Iowa State University 2016 surveillance: No Zika-associated mosquitoes found in state

AMES, Iowa – Systematic mosquito surveillance conducted by Iowa State University entomologists last year found no evidence that the two species most associated with Zika virus have established themselves in the state.

The ISU Medical Entomology Laboratory oversaw mosquito trapping in 15 counties across Iowa. The traps collected a total of 175,928 mosquitoes between May 3 and Oct. 4, 2016, and not a single specimen of Aedes aegypti or Aedes albopictus, the two species known to transmit Zika, was found in the various traps used for surveillance.

“It doesn’t appear that they’re here, but there’s no closed door keeping them out,” said Ryan Smith, an assistant professor of entomology who leads the laboratory. “We’re trying to answer the questions of if they’ll get here, and, if so, when?”

The laboratory expanded trapping in the southernmost row of Iowa counties last summer due to Zika concerns with Zika and because Aedes albopictus has been confirmed in Missouri. Smith said the lab would like to heighten its presence in eastern Iowa in the future, due to the species’ appearance in Illinois as well.

West Nile surveillance

Although the lack of Zika-associated mosquitoes is good news for Iowans, the threat of West Nile remains a concern, Smith said. The medical entomology laboratory collected 46 “pools” of mosquitoes that tested positive for West Nile virus in 2016, an increase from the 17 pools that tested positive in 2015.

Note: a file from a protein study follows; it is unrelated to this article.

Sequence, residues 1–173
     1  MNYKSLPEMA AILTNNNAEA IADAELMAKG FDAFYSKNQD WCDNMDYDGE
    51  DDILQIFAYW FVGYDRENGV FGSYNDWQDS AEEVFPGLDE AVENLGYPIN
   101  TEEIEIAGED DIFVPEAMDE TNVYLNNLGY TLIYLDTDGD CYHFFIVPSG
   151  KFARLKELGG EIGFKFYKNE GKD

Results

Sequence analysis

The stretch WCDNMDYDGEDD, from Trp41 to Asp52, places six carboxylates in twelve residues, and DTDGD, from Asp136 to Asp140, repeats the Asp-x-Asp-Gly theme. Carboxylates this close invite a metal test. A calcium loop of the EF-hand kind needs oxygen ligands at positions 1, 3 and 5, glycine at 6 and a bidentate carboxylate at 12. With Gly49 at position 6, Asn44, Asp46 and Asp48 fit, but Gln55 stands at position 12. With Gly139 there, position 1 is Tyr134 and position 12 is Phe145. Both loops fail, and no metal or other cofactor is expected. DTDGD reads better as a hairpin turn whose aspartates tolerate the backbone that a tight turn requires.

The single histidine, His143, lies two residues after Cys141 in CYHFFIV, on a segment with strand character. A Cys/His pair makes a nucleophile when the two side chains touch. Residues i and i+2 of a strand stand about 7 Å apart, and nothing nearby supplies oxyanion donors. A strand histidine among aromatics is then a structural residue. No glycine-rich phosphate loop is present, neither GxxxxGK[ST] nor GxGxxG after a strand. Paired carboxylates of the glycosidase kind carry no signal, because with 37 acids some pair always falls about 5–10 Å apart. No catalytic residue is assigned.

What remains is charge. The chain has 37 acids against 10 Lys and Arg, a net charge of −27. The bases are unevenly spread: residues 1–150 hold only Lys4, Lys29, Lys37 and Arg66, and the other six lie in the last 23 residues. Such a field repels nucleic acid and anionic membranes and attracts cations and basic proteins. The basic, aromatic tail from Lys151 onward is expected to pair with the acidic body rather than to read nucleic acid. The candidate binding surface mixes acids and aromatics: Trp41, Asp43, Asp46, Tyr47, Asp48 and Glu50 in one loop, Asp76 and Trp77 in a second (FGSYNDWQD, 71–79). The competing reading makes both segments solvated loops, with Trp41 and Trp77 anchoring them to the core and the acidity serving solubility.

Smith said the 46 positive pools is the second highest total the medical entomology lab has identified in its history. The highest total of positive pools was 66 in 2013.

A pool is a set of mosquitoes belonging to the same species and trapped at the same location in a given week. More than 1,000 such pools were collected in 2016 and sent to a laboratory where they were tested for West Nile virus.

“West Nile has a cyclical pattern,” Smith said. “Every three years or so you see an outbreak. As of now, we don’t exactly know why.”

Smith said high temperatures and drought conditions in mid-August often coincide with increased infection rates. Most of the West Nile-positive pools originated in Story and Polk counties, which are some of the most heavily trapped counties in the state, he said.

The ISU Medical Entomology Laboratory found that overall mosquito activity peaked unusually early in 2016. Populations reached their highest levels in late May, likely due to wet conditions in April, Smith said.

The final report on the laboratory's 2016 mosquito surveillance is available here.